In this system the features described above are further enhanced by the incorporation of a remote gear selector. The usual gear selection linkage is replaced by an electrical connection between the gear change switch (usually a small lever or a push-button) and a transmission-mounted electro-hydraulic actuator. The small lever is flicked forwards or backwards to shift down or up a gear. The gear lever being an electrical switch requires only small operating pressure and it can be fitted at a place best suited to the driver.

Automatically Shifted Manual Transmission.

A transmission with electronically controlled clutch and remotely selected gears as above can be further enhanced for complete automation of the gear-selection process. As a result a small, light and highly efficient automatic transmission, well suited to small-capacity cars is developed.

AP Borg and Beck ACTS Semi-automatic Transmission

Figure 25.29 illustrates the Automatic Clutch and Throttle System (ACTS) developed by AP Borg and Beck. ACTS permits the driver to change gear using a conventional “H”-gate lever, but with automated control of clutch and engine-speed during the gear-changing process. Since ACTS uses a conventional manual transmission, it is comparatively simple and low-cost. However it has additional sophisticated electronic control unit and a variety of sensors and actuators. These include
(i) An accelerator pedal position sensor.
(ii) A throttle disc actuator with a built-in position sensor.
(Hi) A gear lever load-switch to detect the driver’s hand pressure on the knob.
(iv) A gear position sensor.
(v) A magnetic pickup to sense engine speed.
(vi) A magnetic pickup to sense gearbox input shaft speed.
(vii) A controllable source of hydraulic energy consisting of a fluid reservoir, electrically driven pump, pressure accumulator and electro-hydraulic control valve.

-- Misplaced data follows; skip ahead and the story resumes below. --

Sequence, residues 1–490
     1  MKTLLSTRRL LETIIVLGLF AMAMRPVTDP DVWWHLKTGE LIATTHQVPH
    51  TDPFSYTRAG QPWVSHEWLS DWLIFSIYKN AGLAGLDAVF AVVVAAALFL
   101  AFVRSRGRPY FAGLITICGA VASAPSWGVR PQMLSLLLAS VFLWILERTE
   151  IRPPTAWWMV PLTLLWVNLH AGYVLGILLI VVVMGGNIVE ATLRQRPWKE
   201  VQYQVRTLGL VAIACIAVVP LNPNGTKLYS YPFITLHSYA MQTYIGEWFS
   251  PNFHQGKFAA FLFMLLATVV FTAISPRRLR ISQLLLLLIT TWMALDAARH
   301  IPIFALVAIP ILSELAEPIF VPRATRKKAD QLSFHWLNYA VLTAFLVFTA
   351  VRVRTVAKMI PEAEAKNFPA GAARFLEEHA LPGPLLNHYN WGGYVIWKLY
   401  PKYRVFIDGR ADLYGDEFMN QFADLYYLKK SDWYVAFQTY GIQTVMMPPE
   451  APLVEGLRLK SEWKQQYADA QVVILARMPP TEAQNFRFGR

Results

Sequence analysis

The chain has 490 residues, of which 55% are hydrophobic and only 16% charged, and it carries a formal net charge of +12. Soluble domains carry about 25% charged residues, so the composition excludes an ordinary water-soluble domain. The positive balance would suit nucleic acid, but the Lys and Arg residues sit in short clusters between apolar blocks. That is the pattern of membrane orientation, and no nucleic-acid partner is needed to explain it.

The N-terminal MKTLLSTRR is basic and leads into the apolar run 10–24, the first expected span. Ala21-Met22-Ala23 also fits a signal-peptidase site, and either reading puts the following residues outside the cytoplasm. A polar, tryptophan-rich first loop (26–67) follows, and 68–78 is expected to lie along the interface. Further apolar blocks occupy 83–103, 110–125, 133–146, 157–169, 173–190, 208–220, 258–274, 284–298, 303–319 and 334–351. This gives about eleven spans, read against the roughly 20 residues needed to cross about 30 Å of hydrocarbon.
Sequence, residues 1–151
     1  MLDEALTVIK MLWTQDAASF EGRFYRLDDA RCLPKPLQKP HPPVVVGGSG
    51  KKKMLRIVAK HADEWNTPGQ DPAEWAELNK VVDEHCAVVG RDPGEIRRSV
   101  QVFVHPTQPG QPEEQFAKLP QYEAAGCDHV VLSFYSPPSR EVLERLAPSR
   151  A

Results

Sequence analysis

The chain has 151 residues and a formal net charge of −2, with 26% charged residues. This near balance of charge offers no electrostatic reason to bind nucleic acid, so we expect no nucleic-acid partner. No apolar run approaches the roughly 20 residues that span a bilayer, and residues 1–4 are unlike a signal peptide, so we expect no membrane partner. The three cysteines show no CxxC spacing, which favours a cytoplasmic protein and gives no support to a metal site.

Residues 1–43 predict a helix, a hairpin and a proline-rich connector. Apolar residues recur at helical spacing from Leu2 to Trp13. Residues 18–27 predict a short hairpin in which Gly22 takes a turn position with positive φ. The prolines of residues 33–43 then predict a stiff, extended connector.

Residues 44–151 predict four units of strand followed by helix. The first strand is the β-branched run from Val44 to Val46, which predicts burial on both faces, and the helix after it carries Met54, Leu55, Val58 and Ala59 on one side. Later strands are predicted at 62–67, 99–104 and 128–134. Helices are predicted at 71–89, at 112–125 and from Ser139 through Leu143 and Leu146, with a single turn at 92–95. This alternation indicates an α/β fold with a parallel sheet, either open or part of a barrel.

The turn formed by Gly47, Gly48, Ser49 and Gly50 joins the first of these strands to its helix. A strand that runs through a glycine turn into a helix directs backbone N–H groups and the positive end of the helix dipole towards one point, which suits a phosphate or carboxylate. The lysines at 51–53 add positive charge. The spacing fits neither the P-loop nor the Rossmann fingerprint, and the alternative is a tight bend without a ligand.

(viii) A clutch release cylinder with a built-in position sensor.

The hydraulic system operates clutch release cylinder, which engages and disengages the circuit through a conventional release lever. Pressure to the reverse cylinder is controlled by a solenoid valve mounted on the hydraulic power unit. This valve is operated by the controller in response to signals from the sensors. A servo loop based on the release lever transducer and the
engine and transmission speed sensor provides fine control for the clutch friction plate speed gradient, ensuring very smooth engagement.
Automatic clutch and throttle system (ACTS) incorporated in semi-automatic transmission (AP Borg & Beck).
Fig. 25.59. Automatic clutch and throttle system (ACTS) incorporated in semi-automatic transmission (AP Borg & Beck).
The throttle motor is equipped with a feedback potentiometer to report throttle opening to the control unit. During normal driving the motor’s position is controlled by the driver through another potentiometer, mounted on the accelerator pedal. During gear changing, however, the microcomputer intervenes to temporarily modify the engine speed. A switch in the gear lever detect the driver’s hand pressure to change the gear and so signals the controller to disengage the clutch. Once a gear change has been made the gear position sensor sends a digital code to the controller to report the gear selected, and so a decision is made to re-engage the clutch.

Operation of ACTS.

Before starting a vehicle fitted with ACTS the transmission must be placed in neutral to close the inhibitor switch for operation of the starter motor. When the engine starts, the clutch cylinder position sensor locates the current release lever position (thus compensating for clutch wear) and the controller establishes an engine idle speed reference.